Environment, Food and Rural Affairs CommitteeWritten evidence submitted by English Heritage

English Heritage is Government’s statutory adviser on the historic environment. Although we are sponsored by DCMS, we work closely with Defra and its agencies, particularly Natural England, to ensure a co-ordinated approach to the historic and natural aspects of the environment. Through our own statutory responsibilities we have a particular interest in landscape and would therefore like to offer the following comments on the Natural Environment White Paper:

1. Landscape.

We welcome acknowledgement within the White Paper of the inter-relationship between cultural landscapes and nature, with nature being described as embracing landscapes which are themselves “the result of thousands of years of interaction between people and nature”.

In this context, however, English Heritage considers that the lack of any reference to the Florence (European Landscape) Convention, for which Defra is the lead body within Government, is a regrettable omission. We believe landscape, as defined by the convention, provides an important integrative concept, bringing together the cultural and natural interests in land and land use, as well as recognising the interests of communities. With the Convention’s emphasis upon “landscapes, as perceived by people”, we would suggest that it has the potential to provide a more people-focussed framework for securing public engagement in Defra’s land-based and environmental policies than, for example, water catchment areas or ecosystems.

2. New Local Nature Partnerships.

We note the proposals for more integrated advice through partnerships, with the Environment Agency, Natural England and the Forestry Commission participating in the “Single Voice” initiative. In this context, we welcome the White Paper’s statement that “Where appropriate, they will work in partnership with English Heritage, which also has statutory responsibilities for landscape management”.

We believe it is very important for Government to find ways to bring together the landscape interests of Defra and DCMS at a high level. Without this we have some concerns that the “Single Voice” initiative might actually widen the gap between the provision of advice on the natural and historic environments.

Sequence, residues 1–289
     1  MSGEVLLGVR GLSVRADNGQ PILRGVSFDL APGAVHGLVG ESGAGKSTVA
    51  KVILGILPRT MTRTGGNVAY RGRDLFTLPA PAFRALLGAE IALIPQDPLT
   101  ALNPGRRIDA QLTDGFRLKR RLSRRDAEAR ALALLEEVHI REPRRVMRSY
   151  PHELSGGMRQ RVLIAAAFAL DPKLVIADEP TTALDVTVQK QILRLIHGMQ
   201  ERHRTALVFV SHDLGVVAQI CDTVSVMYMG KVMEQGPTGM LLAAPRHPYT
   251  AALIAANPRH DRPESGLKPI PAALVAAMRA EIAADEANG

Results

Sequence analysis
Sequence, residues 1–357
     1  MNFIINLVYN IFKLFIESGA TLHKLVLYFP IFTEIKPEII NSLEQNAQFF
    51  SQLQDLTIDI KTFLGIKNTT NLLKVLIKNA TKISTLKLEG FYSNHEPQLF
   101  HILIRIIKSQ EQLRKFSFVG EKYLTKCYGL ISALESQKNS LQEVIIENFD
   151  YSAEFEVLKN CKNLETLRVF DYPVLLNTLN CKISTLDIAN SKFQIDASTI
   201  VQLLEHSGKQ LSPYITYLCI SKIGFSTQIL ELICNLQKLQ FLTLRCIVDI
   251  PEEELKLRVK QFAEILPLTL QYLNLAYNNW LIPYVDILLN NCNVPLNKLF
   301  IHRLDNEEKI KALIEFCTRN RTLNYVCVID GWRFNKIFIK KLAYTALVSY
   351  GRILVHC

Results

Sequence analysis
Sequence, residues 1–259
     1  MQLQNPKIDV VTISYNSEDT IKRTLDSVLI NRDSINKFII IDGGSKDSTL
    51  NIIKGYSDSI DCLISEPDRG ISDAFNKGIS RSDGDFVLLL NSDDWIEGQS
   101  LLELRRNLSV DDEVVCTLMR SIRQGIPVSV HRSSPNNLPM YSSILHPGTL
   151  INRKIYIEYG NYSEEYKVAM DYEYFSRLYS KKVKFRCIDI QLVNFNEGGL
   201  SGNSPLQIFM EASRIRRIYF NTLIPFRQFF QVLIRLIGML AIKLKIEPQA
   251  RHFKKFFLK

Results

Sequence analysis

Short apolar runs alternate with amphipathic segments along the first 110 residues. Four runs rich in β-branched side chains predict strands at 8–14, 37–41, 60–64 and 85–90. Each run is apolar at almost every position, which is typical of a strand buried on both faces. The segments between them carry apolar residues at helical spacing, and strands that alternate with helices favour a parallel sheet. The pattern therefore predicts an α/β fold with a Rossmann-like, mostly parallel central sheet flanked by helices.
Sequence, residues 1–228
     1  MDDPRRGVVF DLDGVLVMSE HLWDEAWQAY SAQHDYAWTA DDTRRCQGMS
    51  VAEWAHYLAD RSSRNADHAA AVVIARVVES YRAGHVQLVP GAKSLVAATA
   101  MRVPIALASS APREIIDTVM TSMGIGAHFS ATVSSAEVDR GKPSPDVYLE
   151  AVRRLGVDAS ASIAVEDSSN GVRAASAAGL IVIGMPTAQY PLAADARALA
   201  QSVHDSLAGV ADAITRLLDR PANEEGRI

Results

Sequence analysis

3. Protecting and Improving Woodland and Forests.

We welcome the White Paper’s acknowledgement of the cultural and heritage value of ancient woodland, although we consider that these values also extend—and should be recognized—across the entire public forest estate and in forestry policy in general. In respect of the need to better integrate environmental objectives—specifically the management of existing woodland and the creation of new woodland—we are concerned that the Independent Forestry Panel’s terms of reference make no mention of the cultural heritage of woodland as a public benefit.

4. Diverse and Living Landscapes.

English Heritage strongly endorses the intention to update and improve the National Landscape Character area profiles and we are working with Natural England to achieve this.

We note, however, that the ecosystems services approach is now envisaged as a key attribute of these profiles and, in this context, we are concerned that the White Paper’s definition of cultural services (and cultural heritage) is too narrow, focussing solely on benefits which are non-material in nature. Whilst our cultural landscapes certainly do generate non-material goods, they also have a more direct economic value, by underpinning tourism, inward investment, and local branding etc. We are concerned this is not adequately recognised in the White Paper.

5. Phasing out Peat Extraction.

We welcome the proposals to protect and restore peatlands, which are an important repository of some of the UK’s most important archaeological sites and unparalleled evidence for past environmental change. We would therefore strongly encourage the Peat Task Force to engage with the historic environment community in its work and we would like to see the shortest possible timetable for the complete phasing out of UK extraction, as well as measures to discourage extraction overseas.

21 June 2011

Prepared 16th July 2012